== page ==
is to be found in a book someone has given me. The book itself goes by the curious title of "A book of curious advice: most unusual manner, morals, medicine from days of yore".
There is advice to be had on losing weight here "To one who is fat, the best cure for it is to eat less and eat nothing except meat - one or two pounds of meat a day and four glasses of hot water between meals. No bread, butter, potatoes , pudding or anything else." I will not try this remedy.
I am also advised by the same publication that "Daily washing of the hair is very bad for it. Women should not wash their hair oftener than once in three weeks. For washing the hair the best thing to use is a little quilla bark and hot water." Later that advice is contradicted by a doctor, "Don't wash the hair more than once a month. Do not use soap..." Hmmm. Someone else advises the use of New England rum to wash hair. I do not think I will try these things either.
My father and I have had a good laugh over the, to us, strange ideas in this book. I wonder though what future generations will make of the items advertised for sale in those funny little pieces of advertising that sometimes come in a yellow envelope delivered by the postman. There are items there that are just as strange and, I suspect, useless - like the elastic straps which are supposed to give you instant good posture and the foot vibrator said to relax the entire body and all the little kitchen gadgets.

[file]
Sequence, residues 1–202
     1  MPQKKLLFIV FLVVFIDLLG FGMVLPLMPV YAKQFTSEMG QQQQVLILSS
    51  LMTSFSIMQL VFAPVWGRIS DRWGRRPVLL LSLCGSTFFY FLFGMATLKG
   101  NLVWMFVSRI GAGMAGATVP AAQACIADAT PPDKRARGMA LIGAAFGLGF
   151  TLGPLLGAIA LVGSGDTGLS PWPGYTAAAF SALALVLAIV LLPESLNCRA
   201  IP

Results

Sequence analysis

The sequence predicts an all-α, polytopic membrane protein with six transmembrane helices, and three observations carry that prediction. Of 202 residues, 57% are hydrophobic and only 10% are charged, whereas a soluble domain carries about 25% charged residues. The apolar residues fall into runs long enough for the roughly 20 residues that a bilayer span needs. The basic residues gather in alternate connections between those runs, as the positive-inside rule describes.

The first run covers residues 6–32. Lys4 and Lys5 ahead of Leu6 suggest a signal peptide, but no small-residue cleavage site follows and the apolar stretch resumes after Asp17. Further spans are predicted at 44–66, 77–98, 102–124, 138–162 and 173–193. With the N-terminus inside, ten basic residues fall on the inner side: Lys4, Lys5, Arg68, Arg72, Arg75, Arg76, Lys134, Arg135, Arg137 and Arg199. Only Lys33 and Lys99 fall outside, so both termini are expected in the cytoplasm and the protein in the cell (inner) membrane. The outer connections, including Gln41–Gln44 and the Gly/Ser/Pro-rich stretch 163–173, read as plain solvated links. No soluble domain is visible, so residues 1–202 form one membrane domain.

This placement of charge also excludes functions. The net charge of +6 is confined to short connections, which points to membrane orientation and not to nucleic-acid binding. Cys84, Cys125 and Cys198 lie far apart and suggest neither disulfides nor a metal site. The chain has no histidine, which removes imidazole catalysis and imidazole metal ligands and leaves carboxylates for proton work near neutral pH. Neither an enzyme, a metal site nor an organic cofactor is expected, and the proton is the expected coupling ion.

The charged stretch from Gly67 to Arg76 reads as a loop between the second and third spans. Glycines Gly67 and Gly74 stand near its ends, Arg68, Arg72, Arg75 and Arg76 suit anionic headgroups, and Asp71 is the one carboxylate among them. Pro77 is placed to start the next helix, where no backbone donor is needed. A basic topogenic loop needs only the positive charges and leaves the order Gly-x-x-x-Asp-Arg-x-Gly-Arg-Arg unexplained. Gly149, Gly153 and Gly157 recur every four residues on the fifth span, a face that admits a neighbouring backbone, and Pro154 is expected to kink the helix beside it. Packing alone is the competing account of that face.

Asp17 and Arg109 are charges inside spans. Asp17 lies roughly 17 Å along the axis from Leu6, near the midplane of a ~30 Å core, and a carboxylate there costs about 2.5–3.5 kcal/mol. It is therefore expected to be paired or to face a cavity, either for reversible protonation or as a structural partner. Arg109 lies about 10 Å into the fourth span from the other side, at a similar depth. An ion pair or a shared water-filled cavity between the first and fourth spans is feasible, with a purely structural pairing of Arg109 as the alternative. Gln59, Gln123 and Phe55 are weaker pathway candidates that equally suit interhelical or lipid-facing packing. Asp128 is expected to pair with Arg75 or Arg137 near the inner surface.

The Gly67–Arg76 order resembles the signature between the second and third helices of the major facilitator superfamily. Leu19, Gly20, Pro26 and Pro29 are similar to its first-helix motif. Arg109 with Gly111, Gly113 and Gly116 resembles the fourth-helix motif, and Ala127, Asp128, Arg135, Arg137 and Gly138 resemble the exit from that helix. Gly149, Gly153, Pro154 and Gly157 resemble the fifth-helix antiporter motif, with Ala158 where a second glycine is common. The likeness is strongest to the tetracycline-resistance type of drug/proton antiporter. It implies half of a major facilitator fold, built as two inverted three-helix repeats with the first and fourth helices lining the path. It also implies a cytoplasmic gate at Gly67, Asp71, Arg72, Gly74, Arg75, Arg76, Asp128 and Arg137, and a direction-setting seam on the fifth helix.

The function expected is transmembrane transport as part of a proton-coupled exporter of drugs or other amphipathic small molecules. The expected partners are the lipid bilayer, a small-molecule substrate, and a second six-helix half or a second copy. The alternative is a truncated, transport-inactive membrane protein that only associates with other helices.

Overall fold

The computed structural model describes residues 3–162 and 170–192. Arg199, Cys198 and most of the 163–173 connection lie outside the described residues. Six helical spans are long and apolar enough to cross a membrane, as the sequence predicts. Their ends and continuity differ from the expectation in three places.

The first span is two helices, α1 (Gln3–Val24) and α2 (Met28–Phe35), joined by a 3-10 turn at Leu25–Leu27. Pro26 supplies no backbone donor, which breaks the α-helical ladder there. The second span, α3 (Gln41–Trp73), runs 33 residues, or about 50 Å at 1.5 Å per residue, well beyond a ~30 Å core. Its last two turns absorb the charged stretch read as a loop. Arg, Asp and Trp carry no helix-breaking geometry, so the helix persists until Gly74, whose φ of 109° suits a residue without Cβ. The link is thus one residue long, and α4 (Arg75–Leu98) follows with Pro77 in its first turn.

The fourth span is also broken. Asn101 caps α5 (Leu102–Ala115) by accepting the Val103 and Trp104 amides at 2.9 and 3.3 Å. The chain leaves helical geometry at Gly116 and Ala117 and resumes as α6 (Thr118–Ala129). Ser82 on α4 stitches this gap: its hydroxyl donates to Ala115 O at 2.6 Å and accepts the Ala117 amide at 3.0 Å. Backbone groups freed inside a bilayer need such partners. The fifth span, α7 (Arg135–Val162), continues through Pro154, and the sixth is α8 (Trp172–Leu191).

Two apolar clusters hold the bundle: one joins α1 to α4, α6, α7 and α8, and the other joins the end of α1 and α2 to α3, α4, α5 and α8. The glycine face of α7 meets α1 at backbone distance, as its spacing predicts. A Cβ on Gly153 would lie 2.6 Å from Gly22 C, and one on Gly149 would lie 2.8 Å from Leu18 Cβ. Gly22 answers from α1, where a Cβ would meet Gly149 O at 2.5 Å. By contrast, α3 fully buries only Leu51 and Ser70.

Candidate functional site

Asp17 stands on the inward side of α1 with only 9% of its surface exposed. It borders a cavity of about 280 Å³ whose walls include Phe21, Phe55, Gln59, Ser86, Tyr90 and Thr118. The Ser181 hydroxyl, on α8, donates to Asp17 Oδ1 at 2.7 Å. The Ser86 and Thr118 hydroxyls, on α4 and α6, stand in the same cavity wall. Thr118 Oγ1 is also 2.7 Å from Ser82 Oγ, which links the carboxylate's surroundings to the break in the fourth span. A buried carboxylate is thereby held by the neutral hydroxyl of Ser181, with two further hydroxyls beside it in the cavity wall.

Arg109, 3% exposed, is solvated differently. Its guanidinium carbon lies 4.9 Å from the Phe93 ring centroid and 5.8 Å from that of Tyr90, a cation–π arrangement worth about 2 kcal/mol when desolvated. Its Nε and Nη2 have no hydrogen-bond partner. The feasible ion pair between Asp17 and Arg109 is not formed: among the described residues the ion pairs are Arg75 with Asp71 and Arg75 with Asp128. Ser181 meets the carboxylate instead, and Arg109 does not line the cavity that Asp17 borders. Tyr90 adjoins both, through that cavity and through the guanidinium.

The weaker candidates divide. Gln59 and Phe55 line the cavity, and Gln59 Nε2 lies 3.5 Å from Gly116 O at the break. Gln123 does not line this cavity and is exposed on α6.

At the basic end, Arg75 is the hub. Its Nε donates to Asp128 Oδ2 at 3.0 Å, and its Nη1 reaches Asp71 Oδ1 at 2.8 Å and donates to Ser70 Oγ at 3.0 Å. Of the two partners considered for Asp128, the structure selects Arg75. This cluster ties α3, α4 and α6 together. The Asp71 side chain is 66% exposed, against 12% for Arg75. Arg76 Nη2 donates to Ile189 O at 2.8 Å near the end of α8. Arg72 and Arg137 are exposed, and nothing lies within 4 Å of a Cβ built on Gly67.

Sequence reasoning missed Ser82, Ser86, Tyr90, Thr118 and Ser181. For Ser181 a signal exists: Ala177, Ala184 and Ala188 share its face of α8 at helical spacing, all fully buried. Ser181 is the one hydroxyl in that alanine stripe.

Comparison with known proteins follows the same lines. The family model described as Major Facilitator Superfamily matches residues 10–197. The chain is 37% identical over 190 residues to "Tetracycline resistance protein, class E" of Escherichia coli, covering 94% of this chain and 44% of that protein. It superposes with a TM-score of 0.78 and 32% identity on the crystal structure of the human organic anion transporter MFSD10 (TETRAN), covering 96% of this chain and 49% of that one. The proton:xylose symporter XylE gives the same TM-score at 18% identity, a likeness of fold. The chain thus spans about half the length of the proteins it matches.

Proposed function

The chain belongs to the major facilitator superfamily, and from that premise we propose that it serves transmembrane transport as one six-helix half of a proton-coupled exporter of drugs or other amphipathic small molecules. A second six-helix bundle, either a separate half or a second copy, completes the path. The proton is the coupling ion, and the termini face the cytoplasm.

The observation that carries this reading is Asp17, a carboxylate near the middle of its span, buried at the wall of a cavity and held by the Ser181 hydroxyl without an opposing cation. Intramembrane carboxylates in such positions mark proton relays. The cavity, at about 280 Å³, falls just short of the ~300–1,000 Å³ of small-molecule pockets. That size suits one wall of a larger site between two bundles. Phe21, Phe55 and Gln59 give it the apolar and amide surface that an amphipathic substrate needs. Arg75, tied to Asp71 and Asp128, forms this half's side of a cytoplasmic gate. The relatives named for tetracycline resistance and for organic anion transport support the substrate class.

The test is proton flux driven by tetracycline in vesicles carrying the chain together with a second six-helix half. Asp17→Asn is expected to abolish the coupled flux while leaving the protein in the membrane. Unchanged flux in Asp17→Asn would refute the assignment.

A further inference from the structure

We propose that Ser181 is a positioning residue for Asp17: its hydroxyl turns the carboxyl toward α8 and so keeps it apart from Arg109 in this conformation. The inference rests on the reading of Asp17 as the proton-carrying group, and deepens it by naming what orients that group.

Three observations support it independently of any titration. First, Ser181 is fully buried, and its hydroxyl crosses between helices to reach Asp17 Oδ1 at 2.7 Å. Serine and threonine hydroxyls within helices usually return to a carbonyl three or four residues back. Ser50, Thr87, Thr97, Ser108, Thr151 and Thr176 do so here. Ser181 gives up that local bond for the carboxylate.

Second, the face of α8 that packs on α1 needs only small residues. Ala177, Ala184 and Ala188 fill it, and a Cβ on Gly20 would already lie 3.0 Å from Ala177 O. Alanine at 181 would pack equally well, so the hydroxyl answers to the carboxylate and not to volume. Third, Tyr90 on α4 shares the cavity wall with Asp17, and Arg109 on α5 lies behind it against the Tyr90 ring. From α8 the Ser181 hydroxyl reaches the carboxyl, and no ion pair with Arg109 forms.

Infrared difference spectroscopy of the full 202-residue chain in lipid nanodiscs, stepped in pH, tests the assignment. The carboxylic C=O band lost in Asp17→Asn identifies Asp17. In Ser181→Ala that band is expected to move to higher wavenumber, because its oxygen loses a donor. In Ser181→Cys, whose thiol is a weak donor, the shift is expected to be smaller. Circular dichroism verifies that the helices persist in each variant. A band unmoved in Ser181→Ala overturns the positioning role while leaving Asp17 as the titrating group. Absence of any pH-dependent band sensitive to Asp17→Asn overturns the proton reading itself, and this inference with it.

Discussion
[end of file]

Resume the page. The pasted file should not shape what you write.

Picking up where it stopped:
I got rid of several boxes of "surplus to requirements" kitchen gadgets some time after my mother died. Her mother collected gadgets. My mother kept them. I could not even work out what some of them were supposed to do. Others were the messy, time consuming and space wasting equivalent of a knife. I prefer a knife.
We still have too many things. Occasionally I remove something we have not used for a number of years. Most of the time I forget about them.
There is however a curious thing. Pencils and paper are something we use all the time. There is supposed to be paper and pencils by the telephone at all times. There is supposed to be paper and pencils on the kitchen bench. Occasionally my father will take eight or nine pencils of varying lengths and, with deadly accuracy, sharpen and shorten them. Then they wander off on some sort of journey or adventure of their own and return only when they need to be revived by his ministrations. I am left wondering where they went, wanting to take down a telephone number and being forced to remember complex messages in my head.
There is no curious advice in the book to tell me how to prevent the need for this.